NARRATOR: Almost fifteen hours after Bah’s fall, the detention center staff finally called an ambulance. Bah was rushed into emergency brain surgery. Still Bah’s family was not notified. The new records now show that the day after Bah’s brain surgery, the warden at the Elizabeth Detention Center reported the incident to the jail company, including the fact that medical personnel did not respond to request to visit detainee until it was too late. When informed, one ICE official sent a Blackberry message to a colleague:
ICE OFFICIAL: Please review and follow up on allegations of Public Health Service staff slow to respond.
NARRATOR: Five days after Bah’s head injury, officials finally called the family and told them he was at University Hospital in Newark.
BAH’S COUSIN: Well, when we were there, we were shocked, because he was laying down over there, like with a surgery on his head. They’re talking about he got a brain damage.
NARRATOR: While Bah lay comatose, an ICE spokesman was still denying knowledge of his case.
Soon after, ten top ICE managers were on a conference call trying to figure out how to get the unconscious man out of their custody. The hospital wanted to transfer Bah to a nursing home for long-term care. That would cost ICE over $122,000 a year. Officials had another worry, too: ICE must be prepared for “increased scrutiny and/or media exposure.”
One option they explored at length was deporting the comatose man back to his native Guinea. But after a staffer warned that the country was “near collapse” and nursing homes “do not exist,” that plan was scrapped.
Another strategy was to grant Bah the legal immigration status he had been denied before, in hopes of making him eligible for Medicaid or Social Security disability benefits to pay for his care.
After the hospital actually moved Bah to a nursing home, immigration authorities settled on a third course: Bah’s cousins in New York would be responsible for paying his medical bills, even though they had already protested they couldn’t afford it. But days before the planned release, Bah’s cousins received a call.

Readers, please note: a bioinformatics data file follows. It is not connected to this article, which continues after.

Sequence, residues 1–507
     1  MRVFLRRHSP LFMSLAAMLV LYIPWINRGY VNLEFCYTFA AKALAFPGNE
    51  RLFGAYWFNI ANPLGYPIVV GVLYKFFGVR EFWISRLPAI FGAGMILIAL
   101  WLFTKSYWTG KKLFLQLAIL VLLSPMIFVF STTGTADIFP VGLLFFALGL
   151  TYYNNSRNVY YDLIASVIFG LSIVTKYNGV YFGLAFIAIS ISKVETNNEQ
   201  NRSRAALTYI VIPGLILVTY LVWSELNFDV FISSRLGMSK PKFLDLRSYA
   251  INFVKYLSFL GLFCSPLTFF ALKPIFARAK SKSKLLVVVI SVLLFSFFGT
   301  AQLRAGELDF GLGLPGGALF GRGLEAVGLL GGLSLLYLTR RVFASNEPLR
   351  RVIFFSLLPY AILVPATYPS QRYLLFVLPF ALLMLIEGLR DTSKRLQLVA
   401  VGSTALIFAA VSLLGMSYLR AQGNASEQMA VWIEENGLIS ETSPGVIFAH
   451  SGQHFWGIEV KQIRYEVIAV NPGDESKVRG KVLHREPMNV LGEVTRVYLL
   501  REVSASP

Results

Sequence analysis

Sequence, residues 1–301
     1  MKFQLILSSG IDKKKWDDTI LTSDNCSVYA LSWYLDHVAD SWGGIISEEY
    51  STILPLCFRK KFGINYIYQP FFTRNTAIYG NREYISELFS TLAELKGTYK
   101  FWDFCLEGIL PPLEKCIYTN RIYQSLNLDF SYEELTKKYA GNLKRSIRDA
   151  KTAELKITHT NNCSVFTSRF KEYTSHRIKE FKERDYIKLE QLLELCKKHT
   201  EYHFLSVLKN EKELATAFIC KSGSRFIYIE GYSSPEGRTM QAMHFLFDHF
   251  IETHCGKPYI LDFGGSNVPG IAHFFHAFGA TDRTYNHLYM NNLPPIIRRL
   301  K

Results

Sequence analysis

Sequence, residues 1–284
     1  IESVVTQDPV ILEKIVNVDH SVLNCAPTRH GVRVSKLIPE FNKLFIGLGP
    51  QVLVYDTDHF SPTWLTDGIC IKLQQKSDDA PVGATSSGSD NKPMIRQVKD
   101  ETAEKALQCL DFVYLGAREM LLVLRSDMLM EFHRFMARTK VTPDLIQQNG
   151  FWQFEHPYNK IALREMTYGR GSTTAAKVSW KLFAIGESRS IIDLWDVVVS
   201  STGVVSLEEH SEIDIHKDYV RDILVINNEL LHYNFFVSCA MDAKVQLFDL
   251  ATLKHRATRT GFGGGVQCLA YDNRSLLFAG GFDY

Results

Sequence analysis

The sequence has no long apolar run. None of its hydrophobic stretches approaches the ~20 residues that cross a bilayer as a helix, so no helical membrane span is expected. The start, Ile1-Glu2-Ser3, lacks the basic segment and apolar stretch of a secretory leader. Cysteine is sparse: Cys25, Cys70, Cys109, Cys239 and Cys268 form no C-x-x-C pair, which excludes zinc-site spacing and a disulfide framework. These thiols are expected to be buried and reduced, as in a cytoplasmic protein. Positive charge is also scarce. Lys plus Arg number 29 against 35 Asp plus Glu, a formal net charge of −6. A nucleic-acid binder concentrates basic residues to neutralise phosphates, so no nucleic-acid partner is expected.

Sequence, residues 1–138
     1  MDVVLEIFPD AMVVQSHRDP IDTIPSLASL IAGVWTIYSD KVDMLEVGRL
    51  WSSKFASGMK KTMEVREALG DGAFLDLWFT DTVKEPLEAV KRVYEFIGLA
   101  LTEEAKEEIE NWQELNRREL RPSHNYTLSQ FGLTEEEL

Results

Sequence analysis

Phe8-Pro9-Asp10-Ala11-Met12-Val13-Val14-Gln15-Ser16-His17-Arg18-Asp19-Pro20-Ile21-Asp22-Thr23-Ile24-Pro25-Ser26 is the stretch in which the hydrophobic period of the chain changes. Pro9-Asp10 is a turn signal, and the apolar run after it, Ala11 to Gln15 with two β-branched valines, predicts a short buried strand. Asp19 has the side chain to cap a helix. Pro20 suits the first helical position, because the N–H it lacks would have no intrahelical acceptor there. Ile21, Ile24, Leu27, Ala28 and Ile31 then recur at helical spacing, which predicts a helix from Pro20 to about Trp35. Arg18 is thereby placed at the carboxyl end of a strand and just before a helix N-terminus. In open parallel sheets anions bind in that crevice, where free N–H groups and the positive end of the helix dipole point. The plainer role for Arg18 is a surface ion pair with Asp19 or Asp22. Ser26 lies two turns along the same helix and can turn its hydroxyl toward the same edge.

BAH’S COUSIN: They called us. They say we have to come to the hospital. And on our way over there, they call us again and say that he died.
NARRATOR: The day after Bah’s death, one immigration official emailed another, recommending the unusual step of funding the transfer of Bah’s remains back to Guinea for burial. One reason, he cited, was to avoid the media coverage that could result if Bah’s surviving spouse showed up in the United States for a funeral.
ICE OFFICIAL: I also don’t want to stir up any media interest where none is warranted.
NARRATOR: When the Times obtained a list of immigrant detainees who had died in ICE custody, Bah’s name was on it. A year after he died, he was on the front page. Only days before, an internal ICE review of his case had concluded:
ICE REVIEW: No action warranted: ICE employees not at fault.
NARRATOR: Back in Guinea, Bah’s first wife remarried, then died in childbirth, leaving his two teenage sons orphaned. His second wife can barely pay for milk for his toddler.
BAH’S COUSIN: He just came to this country to have a better life, you understand? And to work hard to take care his family. He never do anything that hurt somebody, so I don’t understand how they treat him like that. And that’s not fair, and I think that’s not fair at all.
NARRATOR: The Obama administration has since vowed to overhaul immigration detention. A new ICE spokesman recently said the newly disclosed records represent the past and that the agency’s new leaders are committed to transparency and greater oversight. But the official recently named to fix detainee healthcare, Nina Dozoretz, was one of the managers involved in the confidential discussions over Boubacar Bah’s fate.
AMY GOODMAN: That video courtesy of the New York Times.